MEMO GIDLEY MAKES HISTORY IN MEXICO February 19, 2006 (Monterey, Mexico) He came, he saw, and he conquered. This is the way you would describe the masterly behavior of international driver Memo Gidley, the first champion of the new category of...
MEMO GIDLEY MAKES HISTORY IN MEXICO
February 19, 2006 (Monterey, Mexico) He came, he saw, and he conquered. This is the way you would describe the masterly behavior of international driver Memo Gidley, the first champion of the new category of Mexican karting, the Super Kart Yamaha 250F driving his Memo Gidley signature Trackmagic Kart.
The introduction of this new series in the Kartodromo Monterrey this past Saturday and Sunday, February 18 and 19 lived up to expectations that were promoted in the weeks before the start of the race. Being the first in the new category, all the drivers were making history during the weekend activities.
Throughout the weekend, Memo Gidley, winning driver of the first race of the Rolex Grand Am series in Mexico in 2005 and set to race in this year's race in two weeks in the Playboy/Uniden Racing Ford Crawford prototype, mingled with all the other drivers as an equal demonstrating his humility and an interest in all and sharing his experiences and knowledge on the tuning of the karts. Memo has a huge following in Mexico because of his dual citizenship of Both the United States and Mexico and his time spent as a kid living in LaPaz, Mexico.
For the start, local Mexican racer and Mexican A1 GP driver, David Martinez waved the green flag and the drivers took off in search of triumph. The group fiercely waged a battle at the first turn and almost immediately contact occurred when Gerardo Ivan Gonzalez hit the kart of Alvaro Martinez. Gonzalez was forced to abandon the race early but Martinez continued and began to regain positions. During the first laps around the track, the duel between the factory Trackmagic Kart driver Memo Gidley and local Mexican karting champion, Arturo Gonzalez, raised excitement among those present because the local driver was fighting tooth and nail with the driver from the United States. Behind them other battles were occurring, with only one-second difference among the first three places.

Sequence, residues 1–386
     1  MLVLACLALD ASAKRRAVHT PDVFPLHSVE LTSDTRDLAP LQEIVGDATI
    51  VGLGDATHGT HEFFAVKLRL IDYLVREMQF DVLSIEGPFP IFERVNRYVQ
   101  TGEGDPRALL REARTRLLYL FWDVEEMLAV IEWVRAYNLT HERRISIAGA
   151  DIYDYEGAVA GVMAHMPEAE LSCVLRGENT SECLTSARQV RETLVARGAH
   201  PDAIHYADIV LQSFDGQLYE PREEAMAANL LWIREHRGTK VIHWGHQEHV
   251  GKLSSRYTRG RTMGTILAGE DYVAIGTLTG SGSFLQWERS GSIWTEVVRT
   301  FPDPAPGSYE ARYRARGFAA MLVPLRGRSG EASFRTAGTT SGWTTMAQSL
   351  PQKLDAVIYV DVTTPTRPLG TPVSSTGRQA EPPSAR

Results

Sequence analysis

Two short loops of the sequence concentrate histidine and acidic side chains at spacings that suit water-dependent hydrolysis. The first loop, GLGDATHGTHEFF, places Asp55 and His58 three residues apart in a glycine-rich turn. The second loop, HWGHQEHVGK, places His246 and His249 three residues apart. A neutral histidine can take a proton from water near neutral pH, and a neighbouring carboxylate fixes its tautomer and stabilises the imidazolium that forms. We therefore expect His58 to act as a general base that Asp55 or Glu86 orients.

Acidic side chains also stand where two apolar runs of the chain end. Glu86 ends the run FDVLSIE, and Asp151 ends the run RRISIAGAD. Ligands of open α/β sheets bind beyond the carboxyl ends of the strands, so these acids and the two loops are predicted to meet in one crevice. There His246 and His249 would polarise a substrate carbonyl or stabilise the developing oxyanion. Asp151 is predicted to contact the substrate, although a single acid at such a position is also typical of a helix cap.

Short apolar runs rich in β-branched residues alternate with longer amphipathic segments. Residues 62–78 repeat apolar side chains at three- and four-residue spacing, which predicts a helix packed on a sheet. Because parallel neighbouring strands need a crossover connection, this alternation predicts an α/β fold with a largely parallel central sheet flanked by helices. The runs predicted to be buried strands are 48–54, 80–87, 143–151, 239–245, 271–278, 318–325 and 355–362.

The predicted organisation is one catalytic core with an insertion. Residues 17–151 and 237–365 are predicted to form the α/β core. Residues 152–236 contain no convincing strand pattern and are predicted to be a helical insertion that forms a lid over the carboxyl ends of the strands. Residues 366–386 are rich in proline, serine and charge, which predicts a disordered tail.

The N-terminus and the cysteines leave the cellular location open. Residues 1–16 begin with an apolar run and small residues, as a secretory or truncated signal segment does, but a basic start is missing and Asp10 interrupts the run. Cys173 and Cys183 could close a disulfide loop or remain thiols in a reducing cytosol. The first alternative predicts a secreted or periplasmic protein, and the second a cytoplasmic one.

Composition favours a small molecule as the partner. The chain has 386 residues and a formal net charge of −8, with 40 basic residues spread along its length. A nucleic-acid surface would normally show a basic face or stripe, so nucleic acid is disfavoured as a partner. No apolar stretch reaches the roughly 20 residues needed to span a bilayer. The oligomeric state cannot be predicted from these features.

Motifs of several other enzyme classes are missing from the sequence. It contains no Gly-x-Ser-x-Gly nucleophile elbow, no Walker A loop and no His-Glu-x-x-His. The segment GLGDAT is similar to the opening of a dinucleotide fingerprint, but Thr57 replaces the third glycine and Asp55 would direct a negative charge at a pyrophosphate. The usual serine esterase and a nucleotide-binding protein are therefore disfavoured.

On turn number seven emotions rose to the maximum as Arturo made contact with Gidley, forcing Memo wide. The move allowed Arturo by Memo to the loud cheers of the fans. But Memo demonstrated one more time, his experience as a world-class driver, and he succumbed first place only for a short time to Arturo. On the next lap, Memo taking advantage of his draft, made a clean pass and took back first place, which he would never give up during the remaining 20 laps of competition.
Arturo Gonzalez hung on to finish second And Rolando Martinez ended up in third place. Memo was ecstatic about his victory, "It is so great for me to be racing in Mexico again", said Gidley. "I had an awesome time because the competition was strong and I had to work hard all weekend for the win. And as always the Mexican fans are just really fun to be around."
At the end of the race, the drivers received prizes for their efforts, ascending the winners' podium to receive the giant checks of 2,000 pesos for the pole, and 10,000, 8,000 and 6,000 pesos respectively for the first three places. Memo Gidley besides winning the race, won the pole position thus taking home two checks for his outstanding efforts. The checks were awarded by Manuel Otero and signed by the Mexican airline Aviacsa, by Alvaro Martinez, director of the series; by Homero Hernandez Cortes, a lawyer and technical director of the series; and by Ignacio Mijares Torrallardona, representing CCT Mexico with its brand Ricoh which was the principal sponsor of the event for the Yamaha 250F.